Ah, the country. John Julius Norwich has been known to sing, to the tune of Beethoven’s Sixth: ‘The country, the country, it always gets me down/ The country, the country, I’d rather be in town.’ Foolish boy (only in this: in all other ways, he is a thoroughly good thing, not least for coming up with the phrase (when asked about his father’s serial adultery), ‘ah, yes, well, he made friends terribly easily’). Today, we went for a walk by the North Tyne. The sun glinted on the river, a salmon leapt with a splash like a hippo dropping her soap in the bath, and a kingfisher caught the light as he swooped just above the clear waters. And we picked blackberries. We will not have bread and milk and blackberries for supper, even though we have undoubtedly been good little rabbits (reference too obvious to give you: if you don’t recognise it, I despair), but we shall have the first crumble of the autumn.
It’s not always an easy thing to write about, the countryside. Shades of purple prose hover uncomfortably over too many earnest attempts. Better than Mary Webb’s Precious Bane, then, read Cold Comfort Farm by Stella Gibbons. And watch the completely perfect film version starring Kate Beckinsale with pretty much everyone in it (Judi Dench seems to be unaccountably missing but otherwise the band’s all there: and rather gloriously, it is directed by John Schlesinger). The ‘Miss Read’ books remain incomparable in capturing a way of life in the countryside in mid-twentieth century England. Flora Thompson’s Lark Rise to Candleford novels, now hugely prettified and soaped for television, are in fact quite clear-sighted memoirs of impoverished rural life at the end of the nineteenth century. Like so much writing about life in the country, they strike an elegiac note for a world that has gone or is on the brink of going.
Children’s books tended to hover around the countryside until the fashion for gritty urban realism overcame them. In real life a loather of camping or indeed of any physical discomfort, no matter how minor, I adored all the Arthur Ransome sagas and also the lesser-known (and now I re-read them, much more pedestrian) Fell Farm books by Marjorie Lloyd. Anthropomorphic books about animals tend, for obvious reasons, to have rural settings, which can present some difficulties, as anyone who has read Dick King-Smith’s The Sheep Pig will testify (if you haven’t read it, do: there is more to Babe than Babe). Life in the wild can be scary. If you don’t believe me, ask Mole about the Wild Wood. Life on the farm hasn’t always had a good press, either: George Orwell, anyone? You will be pleased to hear that you can introduce your offspring to the delights of the socialist parable (for or against? You decide) at a very early age by virtue of the wonderfully concise Farmer Duck by Martin Waddell, beautifully illustrated by Helen Oxenbury.
Sometimes we need books to tell us what the hell we’re looking at (yes I know I should now be relying on an app to do this but I have some shreds of dignity left and I am not going to start tramping the fells peering at a microcosmic screen which I can’t see anyway because (a) it is raining or (b) the sun is shining). I inherited several sets of very worthy books about birds: in fact I think I may have been the fourth generation to have not opened one particular set. You know the sort of thing: fancy spines (the books not the birds, sadly), very small print and rather muddy reproductions of monochrome photographs of – let’s be honest here – birds that were only ever some sort of little brown job to begin with. I think I’d rather have ‘Nature Notes’ by William Boot (you’re going to love Evelyn Waugh’s Scoop if you haven’t already read it) or – o yes please! – Alexander Worple’s American Birds and More American Birds (I could explain, but I won’t: you’ll have so much more fun finding out for yourself with the help of PG Wodehouse in Leave It to Jeeves). Meanwhile, Simon Barnes’s Bad Birdwatcher books will help me tell a hawk from a handsaw (which, as we all know, is a heron and things were clearly coming to a pretty pass in Elsinore if there was any danger of confusing the two).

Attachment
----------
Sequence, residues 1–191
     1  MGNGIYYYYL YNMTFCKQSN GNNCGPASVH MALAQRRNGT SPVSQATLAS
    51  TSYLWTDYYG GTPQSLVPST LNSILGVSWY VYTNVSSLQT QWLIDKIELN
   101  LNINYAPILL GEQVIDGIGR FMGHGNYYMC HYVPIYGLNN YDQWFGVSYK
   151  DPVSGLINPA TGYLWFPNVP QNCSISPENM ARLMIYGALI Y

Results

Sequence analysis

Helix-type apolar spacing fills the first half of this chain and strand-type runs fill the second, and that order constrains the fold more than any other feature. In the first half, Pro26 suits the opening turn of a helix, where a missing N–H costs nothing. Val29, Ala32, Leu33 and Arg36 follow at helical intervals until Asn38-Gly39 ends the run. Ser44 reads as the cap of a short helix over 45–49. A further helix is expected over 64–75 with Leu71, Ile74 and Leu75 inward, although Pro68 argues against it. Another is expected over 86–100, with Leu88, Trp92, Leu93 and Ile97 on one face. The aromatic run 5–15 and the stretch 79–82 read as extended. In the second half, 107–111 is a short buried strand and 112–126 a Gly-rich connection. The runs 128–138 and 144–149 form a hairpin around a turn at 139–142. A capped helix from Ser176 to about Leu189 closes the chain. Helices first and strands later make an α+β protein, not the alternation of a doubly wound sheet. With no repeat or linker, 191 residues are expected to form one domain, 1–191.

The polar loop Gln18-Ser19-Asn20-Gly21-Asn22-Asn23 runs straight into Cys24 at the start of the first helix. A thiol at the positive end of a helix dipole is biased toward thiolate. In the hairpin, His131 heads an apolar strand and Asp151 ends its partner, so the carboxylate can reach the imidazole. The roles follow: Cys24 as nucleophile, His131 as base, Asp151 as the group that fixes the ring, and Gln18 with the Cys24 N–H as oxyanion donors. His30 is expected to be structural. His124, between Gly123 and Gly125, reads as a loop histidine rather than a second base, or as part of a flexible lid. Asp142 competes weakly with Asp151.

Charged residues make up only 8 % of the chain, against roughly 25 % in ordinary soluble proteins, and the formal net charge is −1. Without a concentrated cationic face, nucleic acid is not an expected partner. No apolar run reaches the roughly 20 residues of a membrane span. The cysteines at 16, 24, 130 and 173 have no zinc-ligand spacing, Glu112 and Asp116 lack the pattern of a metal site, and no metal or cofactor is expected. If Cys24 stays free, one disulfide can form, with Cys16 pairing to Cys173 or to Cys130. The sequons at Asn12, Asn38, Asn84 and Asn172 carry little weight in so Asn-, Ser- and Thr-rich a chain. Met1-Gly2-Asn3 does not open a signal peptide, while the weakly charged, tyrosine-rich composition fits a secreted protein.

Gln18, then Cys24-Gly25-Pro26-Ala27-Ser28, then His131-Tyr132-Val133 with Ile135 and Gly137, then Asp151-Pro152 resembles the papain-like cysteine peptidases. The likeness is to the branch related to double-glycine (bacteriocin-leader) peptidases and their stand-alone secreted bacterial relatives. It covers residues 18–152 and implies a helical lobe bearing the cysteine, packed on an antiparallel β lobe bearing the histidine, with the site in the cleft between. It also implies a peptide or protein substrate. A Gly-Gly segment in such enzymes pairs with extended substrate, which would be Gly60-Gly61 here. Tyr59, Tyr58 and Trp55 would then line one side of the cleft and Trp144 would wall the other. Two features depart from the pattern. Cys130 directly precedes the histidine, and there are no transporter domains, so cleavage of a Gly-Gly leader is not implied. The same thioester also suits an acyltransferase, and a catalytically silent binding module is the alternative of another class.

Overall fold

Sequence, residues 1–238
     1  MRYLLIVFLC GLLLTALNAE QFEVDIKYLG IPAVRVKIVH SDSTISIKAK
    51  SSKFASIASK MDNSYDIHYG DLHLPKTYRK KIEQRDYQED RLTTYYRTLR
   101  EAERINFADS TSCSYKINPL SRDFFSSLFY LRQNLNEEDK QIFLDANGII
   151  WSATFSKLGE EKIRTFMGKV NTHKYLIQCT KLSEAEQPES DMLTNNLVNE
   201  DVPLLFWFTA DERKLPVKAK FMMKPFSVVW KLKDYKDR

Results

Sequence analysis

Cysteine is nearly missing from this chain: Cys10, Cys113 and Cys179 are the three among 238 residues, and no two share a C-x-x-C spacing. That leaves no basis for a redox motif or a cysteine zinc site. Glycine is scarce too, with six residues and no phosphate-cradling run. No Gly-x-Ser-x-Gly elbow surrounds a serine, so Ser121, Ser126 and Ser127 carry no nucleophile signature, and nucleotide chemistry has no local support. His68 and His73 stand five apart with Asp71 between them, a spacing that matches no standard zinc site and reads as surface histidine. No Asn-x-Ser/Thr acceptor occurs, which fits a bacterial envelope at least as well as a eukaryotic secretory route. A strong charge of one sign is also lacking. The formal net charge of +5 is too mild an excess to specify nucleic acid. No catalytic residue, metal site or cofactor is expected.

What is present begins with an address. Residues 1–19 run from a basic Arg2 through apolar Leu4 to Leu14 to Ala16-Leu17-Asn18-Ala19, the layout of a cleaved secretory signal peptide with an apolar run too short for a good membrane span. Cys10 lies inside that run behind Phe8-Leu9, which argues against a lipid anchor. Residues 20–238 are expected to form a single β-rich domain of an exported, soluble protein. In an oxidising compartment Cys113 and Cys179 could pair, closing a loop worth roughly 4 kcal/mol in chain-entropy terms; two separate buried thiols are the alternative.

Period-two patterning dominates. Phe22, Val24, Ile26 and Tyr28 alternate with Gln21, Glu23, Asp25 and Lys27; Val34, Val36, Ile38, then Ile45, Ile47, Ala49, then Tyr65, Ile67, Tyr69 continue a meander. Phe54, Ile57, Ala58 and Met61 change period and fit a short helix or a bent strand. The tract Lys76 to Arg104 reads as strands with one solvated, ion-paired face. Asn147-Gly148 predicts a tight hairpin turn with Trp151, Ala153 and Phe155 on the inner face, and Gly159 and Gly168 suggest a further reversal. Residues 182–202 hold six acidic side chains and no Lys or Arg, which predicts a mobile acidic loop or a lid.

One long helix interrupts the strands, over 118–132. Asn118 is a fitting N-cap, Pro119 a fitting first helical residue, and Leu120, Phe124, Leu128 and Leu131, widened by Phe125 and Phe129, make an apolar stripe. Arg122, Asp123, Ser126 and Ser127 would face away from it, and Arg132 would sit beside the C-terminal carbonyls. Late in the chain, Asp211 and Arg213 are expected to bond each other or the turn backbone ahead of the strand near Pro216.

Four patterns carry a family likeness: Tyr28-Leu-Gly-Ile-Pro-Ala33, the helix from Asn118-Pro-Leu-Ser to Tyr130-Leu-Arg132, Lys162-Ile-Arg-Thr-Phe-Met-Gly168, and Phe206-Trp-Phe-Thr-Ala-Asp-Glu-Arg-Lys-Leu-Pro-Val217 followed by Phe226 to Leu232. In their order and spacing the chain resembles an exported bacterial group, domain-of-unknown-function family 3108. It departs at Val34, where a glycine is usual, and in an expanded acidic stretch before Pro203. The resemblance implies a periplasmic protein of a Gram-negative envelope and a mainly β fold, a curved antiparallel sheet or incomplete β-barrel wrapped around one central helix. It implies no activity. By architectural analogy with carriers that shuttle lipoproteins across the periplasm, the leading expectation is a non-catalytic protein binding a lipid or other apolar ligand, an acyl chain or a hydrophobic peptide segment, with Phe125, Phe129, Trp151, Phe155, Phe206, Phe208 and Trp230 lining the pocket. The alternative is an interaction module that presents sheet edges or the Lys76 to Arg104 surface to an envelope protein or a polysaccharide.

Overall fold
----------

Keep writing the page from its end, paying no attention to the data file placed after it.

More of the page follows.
Still, John Julius Norwich does have a point. Literature is awash with heroines (it is usually the female of the species) who tramp about in the countryside a great deal to show how emotionally over-wrought they are and who don’t have the sense to come in out of the rain. Yes, Cathy Earnshaw, I’m looking at you. There is such a thing as taking the pathetic fallacy too far, you know. It’s why Jane Austen is such fun: she’s so nasty about all that sort of self-conscious pretension. Not a Romantic, it would be fair to say, and without a sentimental bone in her body (praise indeed from your correspondent).
But fiction is the thing. Two books, both called A House in the Country, both set during the Second World War, both quietly marvellous. I have seen Ruth Adams’s lightly-disguised memoir of the attempt she and her husband made to set up a commune in the English countryside described as a comic novel. Well, so is Bleak House. Jocelyn Playfair’s novel has a wryly comedic tone, too: but it also, effortlessly, breaks your heart. Read it. Persephone Books have reprinted it (and also a different title by Ruth Adams), which is a good indication in its own right that this is a book worth reading.
Proof of Persephone Books’ invincibility (as if you needed one)? They have reprinted The Children Who Lived in a Barn. It’s by Eleanor Graham, who by being Editor at Puffin Books did more for launching children into a world of reading than probably anyone else, and it’s wonderful, and you can see the rather splendid Puffin front cover from the 1950s thanks to our friends at Google so you don’t even have to miss out on that. And now, having read it – possibly a tiny bit obsessively – in childhood, live in a barn is exactly what I do. So be careful what you read.